How Obama can get beyond the debt commission deadlock
Not yet two weeks after the voters delivered a clarion cry for change in Washington, we're already back to business as usual.
Democrats in the House are set to keep the same three leaders - Nancy Pelosi, Steny Hoyer and Jim Clyburn - who led them to their historic wipeout. This is the preschool-soccer theory of accountability: Nobody keeps score and everybody gets a trophy. The fallen House speaker seems to speak for a number of her colleagues when she says she has "no regrets" about the past two years.
On the Republican side, Senate Minority Leader Mitch McConnell made clear that he would continue his all-out belligerence even though the campaign is over. Speaking to the Heritage Foundation, he renewed his assertion that his priority is "to deny President Obama a second term." He vowed to hold "repeated" - and pointless - votes in the Senate to repeal health-care reform.
Then, on Wednesday, the co-chairmen of Obama's debt commission, unable to forge consensus among the deadlocked commissioners, came out with their own version of a plan to conquer the deficit, reduce the debt, overhaul the tax code and put entitlement programs on solid ground. It was quickly pronounced dead on arrival by no-regrets Pelosi, who called it "simply unacceptable."
Is this how the next two years will look? Probably. But the outline released by the commission co-chairmen, Democrat Erskine Bowles and Republican Alan Simpson, also presents an opportunity for Obama - if he's willing to triangulate. He'll have to take the perilous path of turning against his liberal base, but it just might work.
The Bowles-Simpson plan has something to offend everybody, as it should. It would slash spending - including for the military. It would raise tax revenue by rewriting the tax code and eliminating popular deductions. It would seek to cut Medicare costs, reduce Social Security benefits and gut agriculture subsidies.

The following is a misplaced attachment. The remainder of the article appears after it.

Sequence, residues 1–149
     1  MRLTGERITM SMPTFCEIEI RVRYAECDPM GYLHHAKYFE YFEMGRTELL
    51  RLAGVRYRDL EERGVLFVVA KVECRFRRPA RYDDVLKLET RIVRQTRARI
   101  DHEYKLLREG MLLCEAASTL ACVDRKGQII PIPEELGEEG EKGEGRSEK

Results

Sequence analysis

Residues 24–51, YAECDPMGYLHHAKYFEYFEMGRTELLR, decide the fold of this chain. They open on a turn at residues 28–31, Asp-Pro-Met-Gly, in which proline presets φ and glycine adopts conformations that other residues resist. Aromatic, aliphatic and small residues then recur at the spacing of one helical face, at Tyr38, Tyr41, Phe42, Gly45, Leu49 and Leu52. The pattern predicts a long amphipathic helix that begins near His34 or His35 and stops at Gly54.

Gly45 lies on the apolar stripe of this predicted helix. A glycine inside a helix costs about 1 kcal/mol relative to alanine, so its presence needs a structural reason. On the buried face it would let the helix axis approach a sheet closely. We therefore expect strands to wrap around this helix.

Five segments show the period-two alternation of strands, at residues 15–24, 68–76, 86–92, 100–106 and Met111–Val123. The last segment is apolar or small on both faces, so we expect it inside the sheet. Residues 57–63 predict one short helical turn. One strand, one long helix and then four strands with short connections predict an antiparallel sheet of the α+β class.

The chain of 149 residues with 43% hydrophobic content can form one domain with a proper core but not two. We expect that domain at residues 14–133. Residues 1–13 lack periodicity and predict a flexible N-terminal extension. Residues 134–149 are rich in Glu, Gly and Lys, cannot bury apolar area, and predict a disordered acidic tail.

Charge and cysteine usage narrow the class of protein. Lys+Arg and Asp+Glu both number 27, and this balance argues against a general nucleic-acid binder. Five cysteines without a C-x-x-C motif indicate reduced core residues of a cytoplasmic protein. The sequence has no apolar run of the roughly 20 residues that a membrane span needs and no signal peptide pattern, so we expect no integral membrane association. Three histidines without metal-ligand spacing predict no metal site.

On the left, the sturm und drang was predictable: The National Organization for Women called it an "assault on Social Security," the AFL-CIO said it tells "working Americans to drop dead," and Rep. Jan Schakowsky, a member of the commission, called it a "non-starter."
It's unsurprising that liberals feel this way, because the plan is a centrist approach developed under the supervision of Bill Clinton's former domestic policy chief. It calls for a hard-to-swallow $2 or $3 in spending cuts (depending on whether you count interest payments) for every dollar of increased taxes.
There were similar reactions from some of the usual suspects on the right, such as Grover Norquist's Americans for Tax Reform, which proclaimed that "support for the commission chair plan would be a violation of the Taxpayer Protection Pledge."
Interestingly, though, the reaction from Republican lawmakers has been significantly more favorable than McConnell's no-way, no-how view of compromise. Republican Reps. Paul Ryan (Wis.), Jeb Hensarling (Tex.) and Dave Camp (Mich.), all members of the commission, called it "a provocative proposal." Another commissioner, Sen. Tom Coburn (R-Okla.), said that "if we do the cuts, I'll go for it."
If a budget hawk such as Coburn can get on board, any Republican can. Beyond that, the U.S. Chamber of Commerce, which led the opposition to Democrats in 2010, conceded Thursday that "any solution will require commitment and sacrifice on both the spending and revenue fronts."
In those statements are the contours of a deal Obama could strike with Republican lawmakers such as Ryan, the incoming House budget chairman. For a president in urgent need of regaining his standing, the possible results must be tempting: a balanced budget, a shrinking federal debt, a long-overdue rewrite of the tax code, improving Medicare and Social Security solvency in the long run, and easing health-care costs. The political benefits could be equally enormous: taking over the main issue of the Tea Party and building a good relationship with business.
The questions are whether Obama is willing to stand up to Pelosi and whether he can weather the consequences of triangulating against the liberals. So far, so good. "Before anybody starts shooting down proposals, I think we need to listen," he said from Seoul, in an implicit rebuke of Pelosi. He also said that he's "prepared to make some tough decisions" and that "we're going to have to take actions that are difficult and we're going to have to tell the truth to the American people."
That's exactly the right message. Here's hoping the no-regrets Democrats and the no-compromise Republicans hear it.